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Fifteenth Sunday after Pentecost

Today’s devotional reading focuses on the Epistle and comes from Reformation Heritage Bible Commentary: Galatians, Ephesians, Philippians.

Scripture Readings

Deuteronomy 4:1–2, 6–9
Psalm 119:129–136
Ephesians 6:10–20
Mark 7:14–23

Read the propers for today in Lutheran Service Builder.

Devotional Reading

6:12 rulers . . . heavenly places. The struggle against the evil forces that oppose the Gospel and its power in our life rages as an intensely personal battle. Using whatever means available, the devil and his underlings seek to invade even our inner being (our thinking, motives, willing) where Christ now dwells through faith and the Spirit is at work in power (2:16–17). Personal demonic powers seek to bring evil where there is good and darkness where there is light (cf. 4:18–19; 5:8–9). Superhuman enemies require overwhelming power coming only from our victorious God.

6:13 stand firm. Fully equipped and defended by God, Christians trust that they are able to resist and to hold their ground against sin and every evil (cf. Ex 14:13–14; 2Th 2:15).

6:14 belt of truth. The “belt” or “girdle” (sash) may refer to the leather apron beneath the armor, or the metal studded belt protecting the lower abdomen. Either way, girding oneself designated preparation for activity and for ease of movement (Lk 12:35, 37; Rv 1:13; cf. Ex 12:11; Heb 12:1). See Is 11:4–5. God’s truth alone can counter the devil’s lies (1:14; 4:14–15), and truthful conduct characterizes our new life in Christ (4:25; 5:9). breastplate of righteousness. See Is 59:17. The Roman soldier’s breastplate was generally made of leather overlaid with metal. It served as protection for the chest’s vital organs in battle. In Paul’s Letters “righteousness” refers primarily to God’s justification of the sinner by grace through faith for the sake of Christ (Rm 1:16–17; 3:21–26; 5:1–3; Gal 2:15–16; Ti 3:4–7). Such faith produces righteousness or holiness in the believer’s life (Eph 4:24; 5:9; Rm 6:16, 18–19).

6:15 shoes . . . gospel of peace. See Is 52:7. A Roman soldier wore leather half boots tied to ankles and shins with straps, with the soles studded with nails and the toes left free. They equipped him for long marches and gave him firm footing when using his weapons. The Gospel of peace is a powerful and sturdy offensive weapon against the devil. It rescues people from his tyranny and his efforts to block free access to God’s forgiving grace (1:17; 2:18) and the inner peace it brings (Rm 5:1–2).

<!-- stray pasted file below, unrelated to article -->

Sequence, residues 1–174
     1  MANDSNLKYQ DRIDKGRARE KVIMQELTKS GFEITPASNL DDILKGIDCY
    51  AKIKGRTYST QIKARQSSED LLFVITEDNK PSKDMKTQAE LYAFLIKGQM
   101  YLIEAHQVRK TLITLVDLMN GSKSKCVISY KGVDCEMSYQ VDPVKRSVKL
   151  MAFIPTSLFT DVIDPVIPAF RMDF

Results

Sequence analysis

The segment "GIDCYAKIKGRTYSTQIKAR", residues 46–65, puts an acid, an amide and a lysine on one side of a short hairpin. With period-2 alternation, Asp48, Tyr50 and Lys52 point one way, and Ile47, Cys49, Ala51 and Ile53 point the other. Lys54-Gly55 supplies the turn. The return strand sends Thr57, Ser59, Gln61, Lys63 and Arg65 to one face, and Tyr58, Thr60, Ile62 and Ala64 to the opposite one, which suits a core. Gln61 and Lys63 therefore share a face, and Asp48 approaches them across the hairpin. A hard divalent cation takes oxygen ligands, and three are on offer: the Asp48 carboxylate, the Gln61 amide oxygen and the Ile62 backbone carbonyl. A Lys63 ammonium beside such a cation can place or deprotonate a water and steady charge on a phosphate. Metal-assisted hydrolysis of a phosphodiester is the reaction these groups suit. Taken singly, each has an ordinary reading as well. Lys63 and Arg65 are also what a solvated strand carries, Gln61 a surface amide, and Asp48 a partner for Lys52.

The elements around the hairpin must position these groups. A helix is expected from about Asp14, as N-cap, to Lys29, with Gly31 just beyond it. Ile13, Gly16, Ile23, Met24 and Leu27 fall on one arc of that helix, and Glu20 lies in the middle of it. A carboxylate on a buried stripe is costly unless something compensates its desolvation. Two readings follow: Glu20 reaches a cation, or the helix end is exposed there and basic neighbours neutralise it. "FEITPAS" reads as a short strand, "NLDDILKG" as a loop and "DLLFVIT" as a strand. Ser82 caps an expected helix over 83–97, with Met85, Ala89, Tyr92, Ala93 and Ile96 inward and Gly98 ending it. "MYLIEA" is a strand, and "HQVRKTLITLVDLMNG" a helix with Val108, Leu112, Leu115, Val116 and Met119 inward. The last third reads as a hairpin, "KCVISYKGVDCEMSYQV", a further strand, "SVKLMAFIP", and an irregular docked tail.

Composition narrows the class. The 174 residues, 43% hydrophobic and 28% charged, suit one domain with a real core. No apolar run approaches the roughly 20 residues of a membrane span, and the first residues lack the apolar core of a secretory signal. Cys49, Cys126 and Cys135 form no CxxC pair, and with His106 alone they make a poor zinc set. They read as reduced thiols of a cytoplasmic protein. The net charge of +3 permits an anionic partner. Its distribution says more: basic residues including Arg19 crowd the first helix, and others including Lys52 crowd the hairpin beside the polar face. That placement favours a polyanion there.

6:16 shield of faith. Arrows were dipped in pitch and set on fire. Soldiers were equipped with rectangular shields made of wood covered with a thick coat of leather, which before battle was soaked to quench any fiery darts launched against the soldier. In the OT, especially in the Psalms, the shield symbolized God’s protection (e.g., 18:2, 30, 35). Because faith—mentioned often in Ephesians (1:13, 15; 2:8; 3:12, 7; 4:5, 13; 6:23)—lays hold of the risen and reigning Christ, it receives His mighty strength in order to resist “the evil one’s” onslaughts (cf. 1Pt 5:9).

6:17 helmet of salvation. See Is 59:17 and 11:5. The helmet was made of bronze and equipped with cheek pieces for protection of the head. The helmet corresponds to our salvation, which is both a present reality (2:5, 8) and a future hope (1:14; 1Th 5:8). God has rescued us from bondage to the world, the devil, and our flesh by making us alive together with Christ (2:1–5). We now have ironclad protection against our archenemy. sword of the Spirit . . . word of God. The Gk term suggests the 20–24 inch sword used in close combat. The “word of truth, the gospel of [our] salvation” (1:13) is a sharp offensive weapon given to us “in power and in the Holy Spirit” (1Th 1:5; cf. Heb 4:12). Through the Word the Spirit gives and strengthens faith (Gal 3:2; Rm 10:16–17).

Devotional reading is adapted from Reformation Heritage Bible Commentary: Galatians, Ephesians, Philippians, pages 167–69 © 2013 Concordia Publishing House. All rights reserved.

Psalm 28:6–9

Blessed be the LORD!
    For he has heard the voice of my pleas for mercy.
The LORD is my strength and my shield;
    in him my heart trusts, and I am helped;
my heart exults,
    and with my song I give thanks to him.

The LORD is the strength of his people;
    he is the saving refuge of his anointed.
Oh, save your people and bless your heritage!
    Be their shepherd and carry them forever.

Scripture quotations from the ESV® Bible (The Holy Bible, English Standard Version®), copyright © 2001 by Crossway, a publishing ministry of Good News Publishers. Used by permission. All rights reserved.

 

Written by

Anna Johnson

Deaconess Anna Johnson is a marketing manager at Concordia Publishing House. After graduating from the deaconess program at Concordia University Chicago, she continued her studies at the University of Colorado—Denver in education and human development. She has worked as a church youth director and served a variety of other nonprofit organizations, such as the Lutheran Mission Society of Maryland. Anna loves playing video games and drinking a hot cup of tea almost as much as she loves her cat and her husband.

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